The Explorer hardware recipe looks something like this: start with a powerful Texas Instruments 300Mw/channel amplifier capable of adequately driving a wide variety of in-ear and headphone models. No headphone amplifier needed, this audio flask has the power to get the job done, just bring your own ¼’’ adapter if needed. Next add a high powered Rockchip RK3128 Quad Core processor running at 1.3GHz and sporting 1GB of RAM. Garnish with a 4000mAH lithium rechargeable battery that can power the device easily for over a day of steady use without any issue. Sounds pretty good right? But before you place an order let us spend a minute talking about the main ingredient, the Explorer’s integrated DAC. Close to fifty percent of the circuit board inside the Explore is burnished with dedicated audio circuitry supporting the Texas Instruments Burr Brown PCM 1794 stereo DAC chip, a ‘highest performing’ chip delivering up to 24-bit, 192kHz resolution. DSD is supported, but are converted to PCM for playback. MQA support is not on the radar, however. Given the relatively pragmatic take on audio from the brand, and its intended audience of music lovers rather than out-and-out audiophiles, the need for MQA is perhaps a more complex issue than first imagined, as the formatt is attempting to encroach on a more mainstream audio market, but I suspect the market for good looking, great sounding DAPs will find their own niche, MQA or not.
In my auditions, I found the Explorer to deliver on Echobox’s bold sonic goals to produce an organic sounding playback reminiscent of a vinyl experience. In general I did find a laid back natural sound that was complemented by an openness of presentation that was wonderfully unexpected in a hand held device. Take Kurt Vile’s 2011 Wakin’ on a Pretty Daze[Matador] for example. Over a breezy set of tracks Mr. Vile sets up the melodic finale ‘Gold Tones’ that never fails to deliver you someplace special by way of hypnotic monotone vocals over an evolving interplay between traditional acoustic and slide guitars. The Explorer wrapped each of these crucial elements with a little sonic membrane of space and set a depth to the recording that would be hard not to describe as eye opening. The Explorer’s ability to construct the illusion of depth was tremendous and did offer a high fidelity listening experience that was solidly convincing. I did find myself missing some of the precise midrange detail offered by a good stationary piece of equipment like the underrated iFi-Audio Micro iDac-2, but the thrill of being able to enjoy a comparable and arguably better level of quality on the go left me with a positive impression of the Explorer’s value.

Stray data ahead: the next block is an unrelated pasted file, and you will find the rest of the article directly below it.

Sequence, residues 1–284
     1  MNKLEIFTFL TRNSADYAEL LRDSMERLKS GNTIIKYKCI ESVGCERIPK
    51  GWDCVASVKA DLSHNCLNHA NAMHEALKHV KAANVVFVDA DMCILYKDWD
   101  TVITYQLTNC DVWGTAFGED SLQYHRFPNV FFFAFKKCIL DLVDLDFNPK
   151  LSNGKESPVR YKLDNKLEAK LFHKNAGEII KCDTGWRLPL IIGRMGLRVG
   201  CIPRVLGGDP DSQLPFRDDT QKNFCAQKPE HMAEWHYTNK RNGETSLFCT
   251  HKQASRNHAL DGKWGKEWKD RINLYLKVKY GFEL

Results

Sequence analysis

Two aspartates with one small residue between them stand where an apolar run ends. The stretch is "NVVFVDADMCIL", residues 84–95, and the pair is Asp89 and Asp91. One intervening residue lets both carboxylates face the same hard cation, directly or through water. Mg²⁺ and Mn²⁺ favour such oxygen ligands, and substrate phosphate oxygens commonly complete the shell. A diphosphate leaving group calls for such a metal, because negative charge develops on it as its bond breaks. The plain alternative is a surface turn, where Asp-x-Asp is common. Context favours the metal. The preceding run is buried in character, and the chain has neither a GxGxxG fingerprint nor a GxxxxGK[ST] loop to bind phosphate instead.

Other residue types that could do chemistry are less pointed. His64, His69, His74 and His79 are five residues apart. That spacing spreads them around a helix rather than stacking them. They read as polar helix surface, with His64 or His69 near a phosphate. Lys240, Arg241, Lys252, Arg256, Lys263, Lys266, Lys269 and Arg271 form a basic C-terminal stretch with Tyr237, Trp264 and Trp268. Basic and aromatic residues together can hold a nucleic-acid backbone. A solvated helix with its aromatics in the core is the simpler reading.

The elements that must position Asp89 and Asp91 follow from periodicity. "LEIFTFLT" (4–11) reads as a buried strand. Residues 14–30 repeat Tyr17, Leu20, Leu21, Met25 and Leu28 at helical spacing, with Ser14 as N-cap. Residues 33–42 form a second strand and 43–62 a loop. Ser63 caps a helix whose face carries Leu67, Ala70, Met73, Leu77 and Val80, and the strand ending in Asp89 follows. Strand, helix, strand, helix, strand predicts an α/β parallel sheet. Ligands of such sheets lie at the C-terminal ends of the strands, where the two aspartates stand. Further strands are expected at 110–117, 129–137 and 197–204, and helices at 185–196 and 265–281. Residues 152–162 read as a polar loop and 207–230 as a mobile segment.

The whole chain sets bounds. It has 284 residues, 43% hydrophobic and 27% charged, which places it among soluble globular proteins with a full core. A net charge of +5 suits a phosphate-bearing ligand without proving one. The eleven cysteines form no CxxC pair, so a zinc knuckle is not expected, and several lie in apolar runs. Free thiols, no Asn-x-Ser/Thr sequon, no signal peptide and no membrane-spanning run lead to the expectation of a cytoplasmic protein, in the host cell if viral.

The Explorer suggests we might be misunderstanding the purpose of the Digital Audio Player. Many modern examples go for something like an ‘Ultra iPod’ approach, and while this might be a good plan, those outside of the headphonista circles may see this as being ‘Not An iPod’ rather than an intrinsically better iPhone. The styling of the Explorer changes all that. A wooden audio hip-flask is attractive for the terminally hip. Those who would never buy an iPod because it’s old news, or most DAPs because they’re iPod clones, will buy an Explorer. Better still, for $599 and a decent pair of headphones, the Echobox Explorer means you are going to be doing just fine no matter where you find your day taking you!
Type: Solid-state digital audio player with built-in storage and DAC
Storage: Internal 64GB for music data storage/data storage, plus option for additional micro SD card storage
DAC Resolution/Supported Digital Formats: FLAC/wav/AIFF/mp3, etc. Sampling rate for D/A conversion up to 192kHz/24-bit
Analogue Outputs: one 1/8’’ headphone jack
Frequency Response: Not specified
Distortion (THD + Noise): Not specified
User Interface: 3.5-inch display (on main unit), preconfigured with Echobox supplied application software
Manufacturer: Echobox Audio
Tel: (+1) 206- 228-0595